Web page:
Coyote Club Wildlife Education

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Coyote Club Wildlife and Survival Program

“Instilling a sense of wonder, responsibility and stewardship for the natural world through ecological studies and primitive skills exploration.”

PROGRAM: Coyote Club was developed by John Pazdon and Mary Mazur in 2007 as a way to introduce children to nature-based studies, native crafts and environmental stewardship. It is believed that today's children are suffering from what some call 'nature deficit disorder', and the creation of Coyote Club was driven by a passion to rid children of this deficit by getting them out of the house, into the woods and connected to their environment. Children involved in nature-based education programs often experience a deeper sense of self respect, self-esteem and a strengthening of their connection to the natural world. We believe each child has a gift, which is often revealed through wildlife observation, awareness exercises and primitive skills exploration. Our hope is that we will be able to recognize and nurture that gift, and encourage the child to further develop and honor those unique abilities, strengths and talents we all possess.

INSTRUCTORS: John Pazdon has spent most of his life exploring the rivers, lakes, bays and beaches of the NH seacoast. He is currently finishing up his degree in Coastal Wildlife Ecology at Granite State College, and will be attending UNH to complete his graduate work. John is a level 2 Kamana student, an intensive naturalist program developed by Wilderness Awareness School in Washington State. He currently resides in Dover, NH where he spends his time fishing, hiking, playing guitar and doing homework (Yuk!). 
Mary Mazur grew up in Greybull Wyoming, a little town 1 hour east of Yellowstone National Park. Living in this area gave her the opportunity to learn about some of the most amazing creatures found in North America. She moved to NH in 1999 and has since got involved in ecological studies at Granite State College. Mary enjoys reading, tracking, traveling and goofing around. 
Both John and Mary have been extensively trained in wild edibles, poisonous plants and wildlife hazards. They will be completing their Wilderness First Aid certification in April.

Activities: There are 6 major topics which we would like to introduce over the course of the program. These topics will run in no specific order, as the patterns of mother nature strongly dictate what subjects are best taught for the week below is a list and brief description of these topics: 
Hazards/Navigation/Mapping: In this session, we will be learning a few rules of Coyote Club, as well as learning how to identify several local poisonous plants. We’ll discuss hornets, ticks and mosquitoes as well. It’s all about gaining knowledge to ensure safety. Learning how to find your way around the woods is a key element to nature exploration, so we’ll discuss a few ways to find the 4 directions, and make a simple map of our area.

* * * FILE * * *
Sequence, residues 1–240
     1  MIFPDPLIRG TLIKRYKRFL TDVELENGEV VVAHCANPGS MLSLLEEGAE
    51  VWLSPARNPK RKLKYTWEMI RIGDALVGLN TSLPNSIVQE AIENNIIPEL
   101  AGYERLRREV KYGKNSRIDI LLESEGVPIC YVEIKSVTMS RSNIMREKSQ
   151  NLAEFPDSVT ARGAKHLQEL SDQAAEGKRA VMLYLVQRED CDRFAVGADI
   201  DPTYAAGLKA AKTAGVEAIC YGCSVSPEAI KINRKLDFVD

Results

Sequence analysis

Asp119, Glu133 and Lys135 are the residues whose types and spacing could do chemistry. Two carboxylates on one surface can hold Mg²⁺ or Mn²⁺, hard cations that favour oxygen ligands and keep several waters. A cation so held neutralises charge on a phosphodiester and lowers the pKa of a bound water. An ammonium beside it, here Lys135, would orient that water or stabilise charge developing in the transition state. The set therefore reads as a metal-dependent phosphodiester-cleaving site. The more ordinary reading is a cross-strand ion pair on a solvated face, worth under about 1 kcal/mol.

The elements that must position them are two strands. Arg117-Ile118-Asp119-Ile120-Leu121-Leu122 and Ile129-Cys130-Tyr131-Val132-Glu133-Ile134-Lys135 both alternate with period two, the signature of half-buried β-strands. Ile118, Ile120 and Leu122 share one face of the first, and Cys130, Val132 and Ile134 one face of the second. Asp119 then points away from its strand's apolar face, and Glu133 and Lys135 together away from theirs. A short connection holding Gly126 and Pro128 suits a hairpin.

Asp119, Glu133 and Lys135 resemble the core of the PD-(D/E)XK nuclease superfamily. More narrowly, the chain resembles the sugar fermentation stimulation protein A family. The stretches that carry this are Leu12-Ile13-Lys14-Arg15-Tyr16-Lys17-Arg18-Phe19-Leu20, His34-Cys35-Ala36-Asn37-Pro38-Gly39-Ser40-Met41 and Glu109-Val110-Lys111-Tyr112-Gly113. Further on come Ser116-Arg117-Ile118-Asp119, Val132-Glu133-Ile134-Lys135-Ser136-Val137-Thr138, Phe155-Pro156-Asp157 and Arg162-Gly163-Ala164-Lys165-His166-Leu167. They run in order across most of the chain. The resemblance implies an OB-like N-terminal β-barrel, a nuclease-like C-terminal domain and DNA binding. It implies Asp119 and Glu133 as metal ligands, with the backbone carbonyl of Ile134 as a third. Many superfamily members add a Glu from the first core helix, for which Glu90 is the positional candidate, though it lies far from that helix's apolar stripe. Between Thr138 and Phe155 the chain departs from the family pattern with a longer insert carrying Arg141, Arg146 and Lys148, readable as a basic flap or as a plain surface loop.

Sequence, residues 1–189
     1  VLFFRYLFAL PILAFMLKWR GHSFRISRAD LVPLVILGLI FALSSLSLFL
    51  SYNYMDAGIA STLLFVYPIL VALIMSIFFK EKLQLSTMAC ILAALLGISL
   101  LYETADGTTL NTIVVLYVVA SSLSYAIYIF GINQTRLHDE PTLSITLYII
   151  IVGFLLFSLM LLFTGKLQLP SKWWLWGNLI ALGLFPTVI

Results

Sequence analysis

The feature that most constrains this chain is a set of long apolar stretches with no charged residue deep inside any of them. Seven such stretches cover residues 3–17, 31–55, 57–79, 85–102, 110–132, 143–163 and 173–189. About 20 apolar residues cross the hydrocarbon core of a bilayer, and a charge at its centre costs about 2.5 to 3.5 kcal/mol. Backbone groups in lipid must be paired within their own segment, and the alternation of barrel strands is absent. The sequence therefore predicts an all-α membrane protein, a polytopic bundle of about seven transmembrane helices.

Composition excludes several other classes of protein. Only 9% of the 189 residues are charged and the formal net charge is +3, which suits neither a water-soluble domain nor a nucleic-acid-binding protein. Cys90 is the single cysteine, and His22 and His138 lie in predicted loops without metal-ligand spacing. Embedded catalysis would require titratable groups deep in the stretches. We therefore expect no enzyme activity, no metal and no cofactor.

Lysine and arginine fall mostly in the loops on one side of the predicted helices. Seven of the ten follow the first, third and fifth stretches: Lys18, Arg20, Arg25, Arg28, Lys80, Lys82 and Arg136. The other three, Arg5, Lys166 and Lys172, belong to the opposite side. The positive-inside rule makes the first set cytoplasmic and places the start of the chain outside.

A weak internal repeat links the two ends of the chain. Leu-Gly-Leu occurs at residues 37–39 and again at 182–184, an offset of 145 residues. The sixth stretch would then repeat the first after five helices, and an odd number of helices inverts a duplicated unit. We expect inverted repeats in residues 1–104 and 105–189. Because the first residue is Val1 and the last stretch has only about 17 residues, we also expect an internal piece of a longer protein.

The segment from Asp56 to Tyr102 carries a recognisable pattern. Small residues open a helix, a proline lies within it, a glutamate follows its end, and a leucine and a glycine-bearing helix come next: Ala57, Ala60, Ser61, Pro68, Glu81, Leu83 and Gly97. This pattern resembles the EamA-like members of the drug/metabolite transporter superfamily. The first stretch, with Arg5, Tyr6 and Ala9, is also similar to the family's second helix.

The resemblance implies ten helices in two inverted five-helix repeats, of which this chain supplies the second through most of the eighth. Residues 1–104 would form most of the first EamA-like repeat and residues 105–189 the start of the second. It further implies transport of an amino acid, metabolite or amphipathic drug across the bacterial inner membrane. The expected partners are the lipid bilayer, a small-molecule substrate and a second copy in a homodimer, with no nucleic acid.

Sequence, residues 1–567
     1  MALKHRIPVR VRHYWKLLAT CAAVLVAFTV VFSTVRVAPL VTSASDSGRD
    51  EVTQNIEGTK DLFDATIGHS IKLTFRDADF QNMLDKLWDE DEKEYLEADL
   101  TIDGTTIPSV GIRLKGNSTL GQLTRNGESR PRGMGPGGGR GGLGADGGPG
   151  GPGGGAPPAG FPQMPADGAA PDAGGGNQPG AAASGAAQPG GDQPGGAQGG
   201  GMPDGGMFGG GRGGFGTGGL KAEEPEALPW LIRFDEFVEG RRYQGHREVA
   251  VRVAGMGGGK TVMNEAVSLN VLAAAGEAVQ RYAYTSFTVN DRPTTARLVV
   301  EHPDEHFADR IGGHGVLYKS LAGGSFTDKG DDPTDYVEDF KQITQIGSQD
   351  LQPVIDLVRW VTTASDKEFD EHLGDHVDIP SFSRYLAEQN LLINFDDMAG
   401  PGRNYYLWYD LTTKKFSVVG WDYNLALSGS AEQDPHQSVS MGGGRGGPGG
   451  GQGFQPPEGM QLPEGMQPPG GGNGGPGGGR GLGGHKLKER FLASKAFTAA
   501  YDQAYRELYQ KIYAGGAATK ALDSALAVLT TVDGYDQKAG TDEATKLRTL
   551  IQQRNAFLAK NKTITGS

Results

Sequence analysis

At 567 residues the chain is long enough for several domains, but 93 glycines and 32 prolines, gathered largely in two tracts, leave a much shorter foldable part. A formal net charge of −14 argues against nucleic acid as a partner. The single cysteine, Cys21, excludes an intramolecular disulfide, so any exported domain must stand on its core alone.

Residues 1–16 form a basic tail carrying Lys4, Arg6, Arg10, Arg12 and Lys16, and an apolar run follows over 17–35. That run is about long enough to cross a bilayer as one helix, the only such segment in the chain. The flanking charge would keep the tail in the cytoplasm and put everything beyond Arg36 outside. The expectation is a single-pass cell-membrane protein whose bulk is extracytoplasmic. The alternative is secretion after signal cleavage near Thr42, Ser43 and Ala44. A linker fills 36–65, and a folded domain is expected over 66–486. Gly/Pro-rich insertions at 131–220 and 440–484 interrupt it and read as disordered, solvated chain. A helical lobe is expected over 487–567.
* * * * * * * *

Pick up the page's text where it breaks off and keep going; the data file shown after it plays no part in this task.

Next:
Birds: Spring migration is in full swing, and we’ll be learning about ecology, nests and bird language, and much more. Bring along a pair of binoculars if you can, but don’t worry, there’s plenty to see without them. 
Animal Sign-We’ll learn how to identify tracks, scat, hairs and feeding signs in this session. A good tracker can retrace an animals trail, and tell a story just from a few prints he or she finds on the ground. This is an extremely powerful tool for any ecologist. 
Plants: We’ll be learning how to identify several local trees, shrubs and herbaceous plants. We’ll learn what these plants can provide us, and even dine on some wild edibles. 
Shelter: The Shelter Challenge! Build your own shelter from only the things you find in the woods. We’ll be there to give you tips and guide you along. 
Native Crafts: This lesson involves many different projects, from gathering clay and making pots, to creating birch bark baskets. This is a great project for rainy days.

Items to Bring: Every student should come prepared to go outside, no matter what the weather. While we will be doing indoor activities on those days that are just too crummy to go outside, a little rain or wind will not keep us from exploring the great outdoors. Students should always bring proper footwear (boots, hiking shoes, old sneakers, etc.), long sleeved shirts, hats and rugged pants, as well as a journal to write in. We always provide natural bug spray for our students, but if you prefer to use something else, bring it along. Backpacks, water bottles, binoculars, and field guides are great things to bring along, but not as essential as the things listed above. It is super important that everyone do a thorough tick check when they get home. While the possibility of getting lyme disease in NH is very real, if the tick is removed within 24 hours, transmission rates are about zero. If you have any questions about this, West Nile virus or anything else, please contact us. Along these same lines, if there are any concerns, comments or questions, please feel free to get in touch. We love to hear feedback, and encourage everyone to give us a shout whenever they want to. Our email address is nhcoyoteclub@comcast.net.

Thanks for being a part of Coyote Club, and we’ll see you in the woods! 
Ages: Grades K-4
Session III:  January 5 - February 16, 2015; Mondays (SKIP 1/19)
Times: 3:30-4:30pm
Location: Bellamy Park - parents will drop off and pick up at designated time at the Bellamy Parking Lot
Cost: $55 per child
Registration form